Bitcoin development team patches its own security patch

Bitcoin's dev team has fixed several security flaws in the client, including two introduced by its last security patch.

AccessTimeIconSep 5, 2013 at 12:23 p.m. UTC
Updated Dec 10, 2022 at 9:17 p.m. UTC

Bitcoin’s core development team published an update to the bitcoin client this week. Version 0.8.4 provides protection against some core DDoS attacks, and also fixes security bugs introduced during the last patch.

The patch fixes an attack that could crash a process in the part of the bitcoin client that dealt with Bloom Filters. These are data structures used to decide whether a piece of data is a member of a larger data set, and were introduced in version 0.8 of the client so that only the relevant transactions would be sent to lightweight clients.

They are therefore a key feature in bitcoin going forward, as the size of the block chain increases. In versions 0.8.0 through 0.8.3 of Bitcoin-QT and Bitcoind, an attacker could send a series of messages to the Bloom Filter that would cause it to crash. The core devs call this a “critical denial-of-service attack”.

The update also fixed a security bug that was introduced when the core developers patched another flaw in version 0.8.3. That patch implemented a better fix for a flaw that enabled attackers to fill system memory with flawed transactions. The flaw was originally fixed in version 0.8.3, but that fix in turn introduced two other flaws, according to blogger and crypto expert Sergio Lerner.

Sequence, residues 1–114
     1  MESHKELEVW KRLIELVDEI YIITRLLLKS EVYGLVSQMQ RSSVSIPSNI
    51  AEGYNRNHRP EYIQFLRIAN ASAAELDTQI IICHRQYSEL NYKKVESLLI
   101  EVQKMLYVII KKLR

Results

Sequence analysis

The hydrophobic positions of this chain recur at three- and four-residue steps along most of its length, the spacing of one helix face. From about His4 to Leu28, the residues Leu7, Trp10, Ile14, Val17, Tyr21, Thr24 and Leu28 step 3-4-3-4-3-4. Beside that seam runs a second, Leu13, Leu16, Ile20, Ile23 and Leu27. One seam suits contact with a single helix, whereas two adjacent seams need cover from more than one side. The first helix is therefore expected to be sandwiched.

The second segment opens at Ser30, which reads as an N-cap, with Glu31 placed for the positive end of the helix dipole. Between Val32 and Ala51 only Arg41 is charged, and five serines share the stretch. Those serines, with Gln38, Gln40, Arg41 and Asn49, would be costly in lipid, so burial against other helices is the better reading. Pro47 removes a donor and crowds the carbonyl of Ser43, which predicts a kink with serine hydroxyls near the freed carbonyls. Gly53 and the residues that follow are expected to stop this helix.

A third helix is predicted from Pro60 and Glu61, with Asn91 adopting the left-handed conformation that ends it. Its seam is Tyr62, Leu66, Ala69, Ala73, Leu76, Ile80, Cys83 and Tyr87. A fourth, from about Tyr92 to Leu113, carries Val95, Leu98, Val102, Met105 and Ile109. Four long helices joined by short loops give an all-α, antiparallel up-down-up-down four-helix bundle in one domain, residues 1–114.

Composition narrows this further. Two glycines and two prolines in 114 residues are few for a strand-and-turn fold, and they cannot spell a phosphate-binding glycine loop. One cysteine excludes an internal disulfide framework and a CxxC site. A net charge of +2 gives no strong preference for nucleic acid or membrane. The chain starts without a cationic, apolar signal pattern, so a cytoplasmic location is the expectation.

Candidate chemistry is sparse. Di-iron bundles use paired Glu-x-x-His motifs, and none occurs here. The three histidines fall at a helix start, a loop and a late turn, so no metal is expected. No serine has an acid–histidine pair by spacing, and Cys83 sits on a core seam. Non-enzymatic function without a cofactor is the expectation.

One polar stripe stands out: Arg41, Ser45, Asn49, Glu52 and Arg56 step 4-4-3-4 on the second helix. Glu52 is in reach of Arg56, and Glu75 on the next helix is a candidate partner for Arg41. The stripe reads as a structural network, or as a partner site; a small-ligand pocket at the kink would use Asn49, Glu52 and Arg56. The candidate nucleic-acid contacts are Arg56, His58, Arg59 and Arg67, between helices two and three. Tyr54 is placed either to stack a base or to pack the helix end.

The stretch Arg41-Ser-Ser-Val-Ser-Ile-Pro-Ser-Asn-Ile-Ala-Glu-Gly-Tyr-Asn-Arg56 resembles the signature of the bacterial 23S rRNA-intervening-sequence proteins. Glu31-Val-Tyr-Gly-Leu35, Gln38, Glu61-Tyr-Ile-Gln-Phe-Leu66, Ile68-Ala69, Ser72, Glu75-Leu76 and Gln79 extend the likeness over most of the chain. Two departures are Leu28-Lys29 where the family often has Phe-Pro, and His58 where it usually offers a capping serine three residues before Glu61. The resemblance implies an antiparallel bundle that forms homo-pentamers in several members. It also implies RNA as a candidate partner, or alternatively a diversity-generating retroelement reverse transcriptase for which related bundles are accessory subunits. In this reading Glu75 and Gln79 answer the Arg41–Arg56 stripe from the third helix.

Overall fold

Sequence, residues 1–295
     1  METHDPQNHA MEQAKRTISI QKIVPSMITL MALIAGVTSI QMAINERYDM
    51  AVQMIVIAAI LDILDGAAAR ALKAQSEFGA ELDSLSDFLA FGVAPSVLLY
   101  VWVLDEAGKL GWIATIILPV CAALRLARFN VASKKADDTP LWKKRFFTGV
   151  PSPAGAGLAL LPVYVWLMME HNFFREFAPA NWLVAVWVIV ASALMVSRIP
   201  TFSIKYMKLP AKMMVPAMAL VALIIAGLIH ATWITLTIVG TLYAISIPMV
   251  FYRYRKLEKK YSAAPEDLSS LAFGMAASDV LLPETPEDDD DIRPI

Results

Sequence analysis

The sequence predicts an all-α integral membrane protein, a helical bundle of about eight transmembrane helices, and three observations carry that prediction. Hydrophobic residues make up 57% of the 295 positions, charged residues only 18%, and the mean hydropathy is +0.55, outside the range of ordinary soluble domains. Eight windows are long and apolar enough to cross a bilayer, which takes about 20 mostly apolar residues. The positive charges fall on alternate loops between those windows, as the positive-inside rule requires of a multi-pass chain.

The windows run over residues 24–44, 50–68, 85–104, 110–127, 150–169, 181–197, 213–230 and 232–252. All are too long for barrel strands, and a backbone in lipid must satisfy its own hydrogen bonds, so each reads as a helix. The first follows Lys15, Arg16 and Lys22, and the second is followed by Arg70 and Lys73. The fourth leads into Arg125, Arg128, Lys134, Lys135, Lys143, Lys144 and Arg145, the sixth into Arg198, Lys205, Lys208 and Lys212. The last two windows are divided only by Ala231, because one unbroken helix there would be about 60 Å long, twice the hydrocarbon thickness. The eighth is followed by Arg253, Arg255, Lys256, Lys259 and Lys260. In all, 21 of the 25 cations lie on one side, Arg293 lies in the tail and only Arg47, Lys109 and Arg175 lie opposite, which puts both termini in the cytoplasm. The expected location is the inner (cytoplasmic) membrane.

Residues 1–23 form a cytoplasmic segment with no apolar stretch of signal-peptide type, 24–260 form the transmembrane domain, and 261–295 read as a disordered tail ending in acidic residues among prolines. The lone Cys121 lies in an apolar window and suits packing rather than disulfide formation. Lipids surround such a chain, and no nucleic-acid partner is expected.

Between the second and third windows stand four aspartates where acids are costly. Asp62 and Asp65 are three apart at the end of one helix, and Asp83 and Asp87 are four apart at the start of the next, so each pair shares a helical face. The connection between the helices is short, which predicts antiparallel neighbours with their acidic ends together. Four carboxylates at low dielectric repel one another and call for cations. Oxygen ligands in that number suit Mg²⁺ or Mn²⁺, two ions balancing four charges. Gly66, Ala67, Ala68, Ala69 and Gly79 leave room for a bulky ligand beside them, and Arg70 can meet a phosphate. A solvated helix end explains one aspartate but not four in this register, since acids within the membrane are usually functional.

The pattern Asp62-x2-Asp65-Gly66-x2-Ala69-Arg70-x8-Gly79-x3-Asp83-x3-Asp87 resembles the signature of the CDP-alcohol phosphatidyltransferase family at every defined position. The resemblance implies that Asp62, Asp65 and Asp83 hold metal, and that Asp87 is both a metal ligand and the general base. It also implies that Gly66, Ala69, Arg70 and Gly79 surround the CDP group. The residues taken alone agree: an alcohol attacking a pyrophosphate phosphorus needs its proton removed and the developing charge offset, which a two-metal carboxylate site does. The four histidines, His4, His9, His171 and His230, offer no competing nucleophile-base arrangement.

“What worries me is not that a bug was found, nor that a bug in the patch was found, but that the github commit of the patch does not show a history of a discussion regarding the patch correctness, nor is it recorded if the code was audited and by whom,” said Lerner at the time, arguing that the process for treating sensitive patches should be corrected.

Members of the dev team didn't respond to questions about development and patch documentation and process yesterday.

Bitcoin suffered a denial of service attack targeting network nodes as recently as June.

BTC Keychain via Flickr


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